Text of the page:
HCC is a leading cause of cancer-related death worldwide, and the prognosis of patients with unresectable HCC with major MVI is extremely poor [1, 2]. Systemic chemotherapy, such as atezo + beva, is effective for advanced HCC [10, 23] and for HCC with Vp. However, the prognosis remains poor, with 67% of patients alive 6 months after the initiation of treatment with atezo + beva [24, 25]. Kudo et al. reported that MVI is a factor leading to poor outcomes in patients with advanced HCC because MVI rapidly worsens flow in the portal vein and leads to liver failure and portal hypertension [10].

Many studies have reported the efficacy of HAI for treating patients with HCC with portal vein tumor thrombus (PVTT). This HAI regimen was based on 5-fuluolouracil (5-FU) and cisplatin (FP), and infused repeatedly via an implanted catheter and port called a reservoir system. The prospective SILIUS study, which compared sorafenib and HAI with low-dose FP did not show better results than those of the patients treated with sorafenib; however, the subgroup analysis of patients with HCC with Vp4 showed a better outcome than that of patients treated with sorafenib [28]. Fujino et al. reported that the combination of HAI with 5-FU based regimen and RT showed better ORR for patients with HCC with PVTT than with HAI without RT [26]. Kodama et al. compared the combination of HAI and RT for HCC patients with PVTT and sorafenib without RT and found respective median OS times of 9.9 vs. 5.3 months [29]. Kawaoka et al. compared the outcomes of patients treated with 5-FU regimen administered by HAI and one-shot CDDP administered by HAI and showed a comparison of the ORR and median OS time (9.1 vs. 8.6 months), but there was no statistically significant difference [30]. Kosaka et al. reported that the OS and PFS of 5-FU via HAI and RT for patients with HCC with Vp4 were 12.1 and 4.2 months, respectively, with 19.6% ORR for the main tumor, and 51% ORR for tumor in the MVI [31]. However, there are various problems related to the implanted reservoir system [26, 29,30,31]. Each type of HAI and RT therapy showed a rapid effect for MVI; on the other hand, there was insufficient overall control of the HCC, especially with large intrahepatic volumes over half of the liver or extrahepatic metastasis. Thus, we should consider the rapid initiation of systemic chemotherapy in patients with such advanced HCC.

The current first choice of systemic chemotherapy is atezo + beva [10, 23]. The median OS of this combination therapy was 19.2 months, which was longer than the median OS of 13.6 months for the sorafenib group [23]. However, subgroup analysis revealed that the prognosis of HCC patients with Vp4 remains poor; the median OS of Vp4 patients treated with atezo + beva was 7.6 months and that with sorafenib was 5.5 months [24]. In addition, the median time of response to atezo + beva was 2.8 months after initiation, and approximately 20% of patients were non-responders [25]. Therefore, atezo + beva might increase the risk to improve the MVI and reduce the liver preservation function.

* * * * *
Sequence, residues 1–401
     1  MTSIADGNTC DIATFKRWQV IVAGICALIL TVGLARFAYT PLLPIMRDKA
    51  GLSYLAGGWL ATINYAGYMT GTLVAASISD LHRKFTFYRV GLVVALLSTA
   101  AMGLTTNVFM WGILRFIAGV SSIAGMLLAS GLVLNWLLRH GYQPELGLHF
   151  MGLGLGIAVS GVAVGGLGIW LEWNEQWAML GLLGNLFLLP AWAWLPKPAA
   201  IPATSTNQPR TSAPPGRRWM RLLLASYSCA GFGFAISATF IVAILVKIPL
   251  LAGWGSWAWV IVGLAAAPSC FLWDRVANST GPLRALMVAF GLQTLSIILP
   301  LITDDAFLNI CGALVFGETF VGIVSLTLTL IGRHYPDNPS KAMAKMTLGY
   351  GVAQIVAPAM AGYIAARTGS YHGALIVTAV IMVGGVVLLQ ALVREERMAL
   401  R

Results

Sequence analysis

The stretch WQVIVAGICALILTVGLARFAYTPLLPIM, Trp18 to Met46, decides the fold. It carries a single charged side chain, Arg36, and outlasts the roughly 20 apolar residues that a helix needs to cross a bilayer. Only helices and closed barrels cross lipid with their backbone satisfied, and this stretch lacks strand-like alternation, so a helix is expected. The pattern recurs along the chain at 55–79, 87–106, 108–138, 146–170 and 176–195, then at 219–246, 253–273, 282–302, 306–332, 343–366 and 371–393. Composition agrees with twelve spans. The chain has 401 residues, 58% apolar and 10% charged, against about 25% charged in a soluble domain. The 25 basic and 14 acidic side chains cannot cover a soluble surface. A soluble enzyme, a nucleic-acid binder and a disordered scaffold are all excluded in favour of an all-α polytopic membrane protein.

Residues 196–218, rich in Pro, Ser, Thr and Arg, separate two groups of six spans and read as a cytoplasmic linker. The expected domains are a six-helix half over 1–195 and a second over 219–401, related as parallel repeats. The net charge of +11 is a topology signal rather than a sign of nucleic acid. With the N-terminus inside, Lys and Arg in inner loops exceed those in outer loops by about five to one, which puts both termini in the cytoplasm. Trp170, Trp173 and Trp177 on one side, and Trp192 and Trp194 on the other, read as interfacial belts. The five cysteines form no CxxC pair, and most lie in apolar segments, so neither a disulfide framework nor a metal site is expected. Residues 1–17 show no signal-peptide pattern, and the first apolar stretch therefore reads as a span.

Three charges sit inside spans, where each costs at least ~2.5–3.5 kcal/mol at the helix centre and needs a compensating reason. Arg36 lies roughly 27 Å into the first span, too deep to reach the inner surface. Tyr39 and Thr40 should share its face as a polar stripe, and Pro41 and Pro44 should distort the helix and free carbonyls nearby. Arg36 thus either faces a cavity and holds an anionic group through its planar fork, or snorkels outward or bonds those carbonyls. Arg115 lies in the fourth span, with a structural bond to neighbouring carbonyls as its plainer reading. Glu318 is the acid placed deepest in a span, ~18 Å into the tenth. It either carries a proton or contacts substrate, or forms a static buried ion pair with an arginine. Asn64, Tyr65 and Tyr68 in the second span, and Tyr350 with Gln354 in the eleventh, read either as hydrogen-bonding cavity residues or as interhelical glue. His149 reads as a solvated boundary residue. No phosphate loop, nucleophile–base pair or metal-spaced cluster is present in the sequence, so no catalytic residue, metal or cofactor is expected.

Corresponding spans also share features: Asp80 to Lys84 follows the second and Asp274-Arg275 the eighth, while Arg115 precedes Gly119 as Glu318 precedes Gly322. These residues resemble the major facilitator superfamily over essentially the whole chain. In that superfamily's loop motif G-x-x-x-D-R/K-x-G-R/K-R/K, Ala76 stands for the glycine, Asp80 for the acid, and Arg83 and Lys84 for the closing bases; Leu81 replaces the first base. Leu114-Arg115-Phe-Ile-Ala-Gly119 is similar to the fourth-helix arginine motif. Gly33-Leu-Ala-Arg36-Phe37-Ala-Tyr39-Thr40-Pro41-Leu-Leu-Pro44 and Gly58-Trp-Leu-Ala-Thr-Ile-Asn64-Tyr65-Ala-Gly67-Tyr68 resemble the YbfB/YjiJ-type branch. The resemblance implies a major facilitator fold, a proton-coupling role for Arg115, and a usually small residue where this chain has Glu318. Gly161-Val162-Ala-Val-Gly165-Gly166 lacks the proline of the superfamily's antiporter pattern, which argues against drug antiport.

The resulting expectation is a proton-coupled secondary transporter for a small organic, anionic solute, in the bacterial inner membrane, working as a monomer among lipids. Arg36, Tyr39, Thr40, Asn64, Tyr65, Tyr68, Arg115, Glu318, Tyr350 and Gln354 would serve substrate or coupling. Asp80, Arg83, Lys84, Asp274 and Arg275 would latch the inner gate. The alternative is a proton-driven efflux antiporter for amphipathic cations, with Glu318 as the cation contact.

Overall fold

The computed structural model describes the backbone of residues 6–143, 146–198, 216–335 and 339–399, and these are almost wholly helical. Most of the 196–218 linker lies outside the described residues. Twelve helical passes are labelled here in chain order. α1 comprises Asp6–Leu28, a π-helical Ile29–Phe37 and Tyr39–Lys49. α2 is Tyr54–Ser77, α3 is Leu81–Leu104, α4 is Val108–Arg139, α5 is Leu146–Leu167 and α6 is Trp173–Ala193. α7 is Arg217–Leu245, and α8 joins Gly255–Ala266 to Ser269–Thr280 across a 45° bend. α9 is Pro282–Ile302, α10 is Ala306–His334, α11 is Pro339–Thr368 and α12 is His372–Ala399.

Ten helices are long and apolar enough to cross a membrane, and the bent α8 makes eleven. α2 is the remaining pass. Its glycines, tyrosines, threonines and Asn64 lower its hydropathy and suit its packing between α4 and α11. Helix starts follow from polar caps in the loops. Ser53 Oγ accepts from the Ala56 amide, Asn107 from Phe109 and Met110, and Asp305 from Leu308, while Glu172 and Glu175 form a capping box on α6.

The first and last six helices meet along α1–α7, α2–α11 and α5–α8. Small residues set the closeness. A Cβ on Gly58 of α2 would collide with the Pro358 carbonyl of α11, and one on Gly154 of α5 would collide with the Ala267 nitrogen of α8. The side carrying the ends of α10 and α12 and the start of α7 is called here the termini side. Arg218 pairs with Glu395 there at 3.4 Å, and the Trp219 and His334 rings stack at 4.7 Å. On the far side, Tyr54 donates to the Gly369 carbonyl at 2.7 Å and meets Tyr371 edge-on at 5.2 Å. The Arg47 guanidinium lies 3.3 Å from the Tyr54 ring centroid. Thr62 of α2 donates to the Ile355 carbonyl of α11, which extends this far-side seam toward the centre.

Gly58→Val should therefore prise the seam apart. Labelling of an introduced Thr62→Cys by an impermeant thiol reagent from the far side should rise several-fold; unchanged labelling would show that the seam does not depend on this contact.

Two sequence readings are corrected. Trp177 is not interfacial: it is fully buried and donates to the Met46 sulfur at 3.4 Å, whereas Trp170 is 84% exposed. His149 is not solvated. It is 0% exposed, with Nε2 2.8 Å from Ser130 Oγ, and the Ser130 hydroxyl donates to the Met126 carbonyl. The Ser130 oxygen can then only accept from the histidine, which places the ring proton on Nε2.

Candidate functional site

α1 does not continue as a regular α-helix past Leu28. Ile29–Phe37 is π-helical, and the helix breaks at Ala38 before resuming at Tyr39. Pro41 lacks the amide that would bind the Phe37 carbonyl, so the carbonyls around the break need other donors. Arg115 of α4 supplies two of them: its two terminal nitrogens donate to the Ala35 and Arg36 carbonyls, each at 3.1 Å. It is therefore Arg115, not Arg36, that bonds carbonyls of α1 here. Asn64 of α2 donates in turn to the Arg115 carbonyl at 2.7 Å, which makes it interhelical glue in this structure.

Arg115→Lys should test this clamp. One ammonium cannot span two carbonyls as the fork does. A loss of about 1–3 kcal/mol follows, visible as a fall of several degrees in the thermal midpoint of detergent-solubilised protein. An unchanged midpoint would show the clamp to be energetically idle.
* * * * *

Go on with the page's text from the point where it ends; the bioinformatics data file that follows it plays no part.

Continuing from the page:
Above all, we suggest that the combination of HAI and RT is important for the rapid control of MVI and as a bridging therapy to systemic chemotherapy. In particular, one-shot CDDP via HAI combined with RT should be a good therapeutic option because problems related to the reservoir system cannot occur.

This study has several limitations. It was a retrospective single-arm study with a small number of patients with a long observation period, during which the diagnosis and treatment of liver diseases has improved. This may have resulted in lead-time bias and length bias. Similarly, as we enrolled HCC patients with major MVI but good liver function, this may have led to over-selection bias. Accumulation of sample cases and further studies such as prospective, multi-arm studies, in addition to systemic reviews, should be considered. We hope that the results of our study warrant further studies.

Conclusion

The combination of one-shot CDDP chemotherapy via HAI plus RT for patients with HCC and MVI showed rapid control of the MVI. No severe adverse events were observed in this study. Further studies should help to address the poor outcomes of HCC patients with MVI progression who only receive systemic chemotherapy.

Availability of data and materials

The datasets generated and analyzed during the current study are not publicly available due to lack of informed consent for public reuse of datasets but are available from the corresponding author on reasonable request for further studies.